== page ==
This lengthy introduction was intended to broach the issue of copyright and related skills students should be expected to acquire as related to online content (web pages and video). Students at all levels are being assigned more and more online content. It can be a matter of cost, but certain current topics are going to be available online and not in a textbook. As we prepare the students we work with for their futures, we also realize more and more of their informal learning will rely on online content.

Online content with certain issues. Dealing with these issues and helping learners deal with these issues is part of the preparation of learners for their futures. Online content is less vetted than educational content so we must be concerned with inaccuracies and spin. The issue I am raising here – not appreciating the rights of content creators – is likely less familiar to educators, but I think of great long-term importance.

Anyone familiar with technology can likely offer multiple suggestions for collecting and offloading online content. The can recommend ways to copy and download a YouTube video. I use a popular service called Evernote that allows me to save a clean copy (no adds or surrounding material) of the content from web pages. I assume the same rationale applies to online content as it does to content in the library. A learner is allowed to make a personal copy for personal educational use. Sharing this content might be easy, but it is a violation. So, I can download the content I have captured in Evernote as a pdf I could distribute. I would regard this as inappropriate behavior.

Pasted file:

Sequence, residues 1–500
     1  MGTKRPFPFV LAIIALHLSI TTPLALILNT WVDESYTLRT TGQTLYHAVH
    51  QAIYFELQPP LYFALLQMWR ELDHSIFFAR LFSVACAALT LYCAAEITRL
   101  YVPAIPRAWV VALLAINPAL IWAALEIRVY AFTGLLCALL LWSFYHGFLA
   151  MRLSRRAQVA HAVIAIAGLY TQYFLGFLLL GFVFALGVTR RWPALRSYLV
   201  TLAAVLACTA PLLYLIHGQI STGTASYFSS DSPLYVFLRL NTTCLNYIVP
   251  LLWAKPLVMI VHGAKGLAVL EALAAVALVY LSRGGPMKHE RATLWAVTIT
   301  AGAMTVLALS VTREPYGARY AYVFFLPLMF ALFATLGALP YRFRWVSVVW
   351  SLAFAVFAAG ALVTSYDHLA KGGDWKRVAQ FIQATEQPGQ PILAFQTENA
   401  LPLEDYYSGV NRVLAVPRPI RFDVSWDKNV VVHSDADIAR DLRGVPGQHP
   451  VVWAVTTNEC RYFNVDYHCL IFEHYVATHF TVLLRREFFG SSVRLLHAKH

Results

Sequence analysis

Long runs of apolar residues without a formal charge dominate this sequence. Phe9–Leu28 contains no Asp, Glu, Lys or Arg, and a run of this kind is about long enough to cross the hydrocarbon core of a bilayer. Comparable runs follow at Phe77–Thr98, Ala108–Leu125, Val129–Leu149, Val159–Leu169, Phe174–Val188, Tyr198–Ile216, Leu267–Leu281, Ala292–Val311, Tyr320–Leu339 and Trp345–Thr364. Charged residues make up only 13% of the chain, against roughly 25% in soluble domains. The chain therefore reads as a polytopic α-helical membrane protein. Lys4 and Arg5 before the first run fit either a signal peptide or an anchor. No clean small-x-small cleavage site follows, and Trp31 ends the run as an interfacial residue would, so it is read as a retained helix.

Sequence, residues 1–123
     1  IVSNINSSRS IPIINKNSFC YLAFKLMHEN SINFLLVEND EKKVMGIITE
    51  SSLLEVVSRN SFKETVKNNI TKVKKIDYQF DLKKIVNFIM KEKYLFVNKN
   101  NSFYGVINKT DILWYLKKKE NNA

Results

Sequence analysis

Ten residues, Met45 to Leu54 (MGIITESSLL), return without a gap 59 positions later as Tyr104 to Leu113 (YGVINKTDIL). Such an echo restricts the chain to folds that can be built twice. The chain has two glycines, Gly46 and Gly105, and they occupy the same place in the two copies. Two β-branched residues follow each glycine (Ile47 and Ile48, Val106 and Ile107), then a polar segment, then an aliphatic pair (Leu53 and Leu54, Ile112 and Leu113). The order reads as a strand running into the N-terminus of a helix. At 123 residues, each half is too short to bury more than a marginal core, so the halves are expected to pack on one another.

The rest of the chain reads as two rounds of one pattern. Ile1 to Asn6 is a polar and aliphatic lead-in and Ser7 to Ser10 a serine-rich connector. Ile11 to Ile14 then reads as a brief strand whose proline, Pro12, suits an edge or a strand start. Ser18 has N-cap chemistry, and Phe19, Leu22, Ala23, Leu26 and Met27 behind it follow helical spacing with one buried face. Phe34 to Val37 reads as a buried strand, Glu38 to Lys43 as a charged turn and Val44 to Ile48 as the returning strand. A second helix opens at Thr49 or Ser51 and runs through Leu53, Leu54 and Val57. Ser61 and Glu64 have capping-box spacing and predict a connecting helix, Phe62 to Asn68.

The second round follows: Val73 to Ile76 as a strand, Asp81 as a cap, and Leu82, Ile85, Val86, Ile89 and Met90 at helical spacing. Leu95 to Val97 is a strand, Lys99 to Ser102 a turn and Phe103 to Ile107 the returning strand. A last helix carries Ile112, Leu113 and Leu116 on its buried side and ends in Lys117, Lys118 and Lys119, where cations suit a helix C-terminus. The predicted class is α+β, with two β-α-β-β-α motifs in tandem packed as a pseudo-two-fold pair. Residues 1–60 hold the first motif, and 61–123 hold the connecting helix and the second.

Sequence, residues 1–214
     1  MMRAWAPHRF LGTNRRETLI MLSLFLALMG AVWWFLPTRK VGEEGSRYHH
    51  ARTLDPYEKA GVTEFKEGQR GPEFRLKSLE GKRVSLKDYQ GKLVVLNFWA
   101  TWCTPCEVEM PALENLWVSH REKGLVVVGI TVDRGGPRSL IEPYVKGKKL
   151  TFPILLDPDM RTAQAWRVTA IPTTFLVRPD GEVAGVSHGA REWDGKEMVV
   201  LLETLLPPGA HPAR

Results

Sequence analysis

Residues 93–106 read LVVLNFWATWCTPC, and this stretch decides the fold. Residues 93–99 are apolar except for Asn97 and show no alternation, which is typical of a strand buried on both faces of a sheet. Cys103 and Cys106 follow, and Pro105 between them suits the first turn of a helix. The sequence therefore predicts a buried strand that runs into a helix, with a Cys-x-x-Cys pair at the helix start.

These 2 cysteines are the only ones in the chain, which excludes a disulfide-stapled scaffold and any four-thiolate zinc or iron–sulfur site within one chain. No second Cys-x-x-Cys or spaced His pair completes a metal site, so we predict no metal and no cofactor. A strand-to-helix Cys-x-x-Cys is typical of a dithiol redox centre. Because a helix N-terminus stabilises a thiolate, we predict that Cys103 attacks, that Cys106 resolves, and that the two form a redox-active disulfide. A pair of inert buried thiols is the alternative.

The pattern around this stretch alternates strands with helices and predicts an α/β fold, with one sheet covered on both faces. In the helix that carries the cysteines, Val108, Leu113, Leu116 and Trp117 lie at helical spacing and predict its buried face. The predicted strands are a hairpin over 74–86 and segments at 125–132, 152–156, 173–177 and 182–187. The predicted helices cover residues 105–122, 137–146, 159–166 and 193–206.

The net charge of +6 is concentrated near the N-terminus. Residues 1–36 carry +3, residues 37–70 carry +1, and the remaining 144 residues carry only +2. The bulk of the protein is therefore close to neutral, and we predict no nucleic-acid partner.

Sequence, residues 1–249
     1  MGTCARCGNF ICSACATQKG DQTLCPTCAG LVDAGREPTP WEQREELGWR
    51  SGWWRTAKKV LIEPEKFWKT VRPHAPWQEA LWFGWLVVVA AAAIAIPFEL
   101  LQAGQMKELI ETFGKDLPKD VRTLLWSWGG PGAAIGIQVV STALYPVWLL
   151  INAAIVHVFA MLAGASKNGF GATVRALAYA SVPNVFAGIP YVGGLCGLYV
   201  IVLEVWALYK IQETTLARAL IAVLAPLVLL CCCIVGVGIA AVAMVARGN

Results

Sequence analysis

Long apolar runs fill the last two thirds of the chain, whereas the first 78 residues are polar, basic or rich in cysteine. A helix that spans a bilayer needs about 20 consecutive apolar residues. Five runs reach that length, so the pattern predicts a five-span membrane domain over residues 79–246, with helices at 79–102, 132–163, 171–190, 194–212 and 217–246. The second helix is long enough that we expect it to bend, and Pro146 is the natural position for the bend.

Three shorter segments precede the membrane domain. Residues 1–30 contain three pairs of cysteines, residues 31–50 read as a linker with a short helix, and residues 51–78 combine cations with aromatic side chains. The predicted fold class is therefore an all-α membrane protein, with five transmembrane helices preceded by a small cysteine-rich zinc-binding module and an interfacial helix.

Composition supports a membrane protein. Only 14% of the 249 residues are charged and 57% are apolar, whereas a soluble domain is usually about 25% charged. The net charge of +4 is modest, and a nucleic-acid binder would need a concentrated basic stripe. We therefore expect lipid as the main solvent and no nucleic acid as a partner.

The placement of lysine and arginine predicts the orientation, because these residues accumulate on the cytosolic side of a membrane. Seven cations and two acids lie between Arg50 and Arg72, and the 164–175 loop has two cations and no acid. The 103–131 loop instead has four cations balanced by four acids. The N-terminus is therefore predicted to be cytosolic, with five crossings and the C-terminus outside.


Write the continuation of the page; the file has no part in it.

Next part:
So – what to do when you want to use online content.

1. The most obvious approach is to send all learners to the source. This is the equivalent of asking each student to download their own pdf. I recognize that students need equipment and Internet access to do this. I recognize that some schools block services that might have useful content (YouTube). These are issues that are important, but the solution is not copying.

2. Ask permission. Why not? The author may not regard it as a big deal and happy to say go ahead. I just finished a Kindle book in which I wanted to use screen captures. After writing a book with a commercial publisher I am sensitive to the expectation that such content must be provided with permission. I was 5 for 5 in my requests. You may be ignored or turned down once in a while (most likely ignored) but then just move on to something else. It wouldn’t hurt to let students know that you are asking the author if it is OK to make a copy as this would be a good lesson.